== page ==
Department - Author 1

Materials Engineering Department

Degree Name - Author 1

BS in Materials Engineering



Primary Advisor

Trevor Harding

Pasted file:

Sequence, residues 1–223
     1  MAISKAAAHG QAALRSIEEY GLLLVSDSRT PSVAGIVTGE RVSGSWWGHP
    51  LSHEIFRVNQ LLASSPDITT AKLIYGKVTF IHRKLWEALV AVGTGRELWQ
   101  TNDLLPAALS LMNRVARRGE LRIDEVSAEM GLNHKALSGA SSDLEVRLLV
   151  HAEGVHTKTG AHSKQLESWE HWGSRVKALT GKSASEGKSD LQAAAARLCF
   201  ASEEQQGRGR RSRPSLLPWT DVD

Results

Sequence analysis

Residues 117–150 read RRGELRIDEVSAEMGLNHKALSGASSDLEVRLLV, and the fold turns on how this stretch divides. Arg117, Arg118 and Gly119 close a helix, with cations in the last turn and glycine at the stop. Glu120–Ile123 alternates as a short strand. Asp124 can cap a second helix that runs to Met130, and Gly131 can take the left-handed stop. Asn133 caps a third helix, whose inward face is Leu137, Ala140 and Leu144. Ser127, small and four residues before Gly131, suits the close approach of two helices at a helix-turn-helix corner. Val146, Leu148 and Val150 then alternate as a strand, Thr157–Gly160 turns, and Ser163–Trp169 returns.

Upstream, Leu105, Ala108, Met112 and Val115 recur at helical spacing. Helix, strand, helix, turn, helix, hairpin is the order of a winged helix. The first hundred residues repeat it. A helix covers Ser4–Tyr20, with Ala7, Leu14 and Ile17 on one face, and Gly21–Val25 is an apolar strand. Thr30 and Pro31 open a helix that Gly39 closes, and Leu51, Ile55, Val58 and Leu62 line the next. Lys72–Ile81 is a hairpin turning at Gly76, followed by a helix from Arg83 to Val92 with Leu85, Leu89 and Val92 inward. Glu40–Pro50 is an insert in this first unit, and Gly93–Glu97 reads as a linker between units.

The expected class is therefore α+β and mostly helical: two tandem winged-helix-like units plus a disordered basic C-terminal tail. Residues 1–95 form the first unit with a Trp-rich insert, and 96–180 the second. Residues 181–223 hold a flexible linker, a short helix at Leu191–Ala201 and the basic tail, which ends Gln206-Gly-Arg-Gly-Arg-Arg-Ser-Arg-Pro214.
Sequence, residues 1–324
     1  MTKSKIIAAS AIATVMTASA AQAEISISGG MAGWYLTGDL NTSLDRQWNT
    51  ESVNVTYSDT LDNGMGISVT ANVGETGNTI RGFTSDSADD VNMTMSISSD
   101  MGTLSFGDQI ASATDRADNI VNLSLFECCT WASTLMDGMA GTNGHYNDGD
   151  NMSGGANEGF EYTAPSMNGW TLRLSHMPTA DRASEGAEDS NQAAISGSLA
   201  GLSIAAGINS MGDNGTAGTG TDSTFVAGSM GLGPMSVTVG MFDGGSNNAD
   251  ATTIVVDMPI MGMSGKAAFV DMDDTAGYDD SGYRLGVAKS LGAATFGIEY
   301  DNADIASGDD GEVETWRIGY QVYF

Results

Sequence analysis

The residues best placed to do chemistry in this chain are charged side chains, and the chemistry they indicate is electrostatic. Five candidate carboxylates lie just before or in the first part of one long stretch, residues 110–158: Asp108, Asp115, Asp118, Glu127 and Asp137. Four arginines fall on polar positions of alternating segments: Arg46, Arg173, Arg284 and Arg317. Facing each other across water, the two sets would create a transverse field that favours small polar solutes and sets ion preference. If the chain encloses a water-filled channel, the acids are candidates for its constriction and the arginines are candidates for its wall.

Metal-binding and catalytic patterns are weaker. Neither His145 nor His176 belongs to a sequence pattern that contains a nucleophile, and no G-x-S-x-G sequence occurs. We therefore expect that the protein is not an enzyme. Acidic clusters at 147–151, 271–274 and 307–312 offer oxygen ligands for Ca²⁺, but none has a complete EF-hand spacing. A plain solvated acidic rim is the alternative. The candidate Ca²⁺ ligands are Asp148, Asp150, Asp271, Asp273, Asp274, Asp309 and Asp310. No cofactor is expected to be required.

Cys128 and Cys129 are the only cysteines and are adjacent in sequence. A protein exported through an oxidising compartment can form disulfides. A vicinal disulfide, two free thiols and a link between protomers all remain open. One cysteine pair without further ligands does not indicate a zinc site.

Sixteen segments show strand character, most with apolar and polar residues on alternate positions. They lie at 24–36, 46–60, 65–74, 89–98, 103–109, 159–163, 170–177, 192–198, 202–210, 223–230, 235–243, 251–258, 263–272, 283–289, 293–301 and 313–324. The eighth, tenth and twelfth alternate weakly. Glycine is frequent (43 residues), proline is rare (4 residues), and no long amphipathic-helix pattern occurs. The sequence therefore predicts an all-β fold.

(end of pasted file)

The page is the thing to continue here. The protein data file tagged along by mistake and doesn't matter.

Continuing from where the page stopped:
Previous studies have shown that heat treatments have the ability to improve mechanical strength and stiffness in hardwood species. Compared to structural hardwoods, bamboo is a more sustainable and globally viable renewable resource. Therefore, Bambusoides vivax (timber bamboo) culms were fabricated into flat, rectangular cross-section samples with varying cellulose content to be heat treated and tested for mechanical properties. All samples were heat treated (HT) twice. The first HT was a normalization of all samples at 103 +/- 3 °C. The second HT was performed at various times and temperatures ranging from 130°C to 170°C for 0.5 to 3 hours. Post HT, the samples were loaded until failure in a three-point bend apparatus on an Instron 150 kN load frame based on the specifications of ASTM D790-03. The specimens were loaded to fail under tensile stress along the fiber-dense side of the bamboo sample, which was seen to reduce variance in earlier testing. From initial pilot testing, an increase in flexural strength of 70% and an increase in relative flexural stiffness of 30% were seen in samples that had undergone 1 hour HTs at 103 +/- 3 °C and 160 +/- 3 °C compared with samples that had not undergone HT. Formal testing displayed an average flexural strength of 200 MPa and an average flexural stiffness of 50 MPa compared to the non-heat treated samples which displayed a 100 MPa flexural strength and 30 MPa flexural stiffness. No statistically significant difference was determined between the different heat treatments, although all heat treated samples performed to statistically higher degrees than the non-HT samples.